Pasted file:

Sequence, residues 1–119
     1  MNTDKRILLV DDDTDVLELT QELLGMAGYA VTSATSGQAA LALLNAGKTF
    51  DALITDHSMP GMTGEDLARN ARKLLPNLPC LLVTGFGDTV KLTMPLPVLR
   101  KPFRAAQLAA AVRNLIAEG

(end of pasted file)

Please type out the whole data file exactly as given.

Sequence, residues 1–119
     1  MNTDKRILLV DDDTDVLELT QELLGMAGYA VTSATSGQAA LALLNAGKTF
    51  DALITDHSMP GMTGEDLARN ARKLLPNLPC LLVTGFGDTV KLTMPLPVLR
   101  KPFRAAQLAA AVRNLIAEG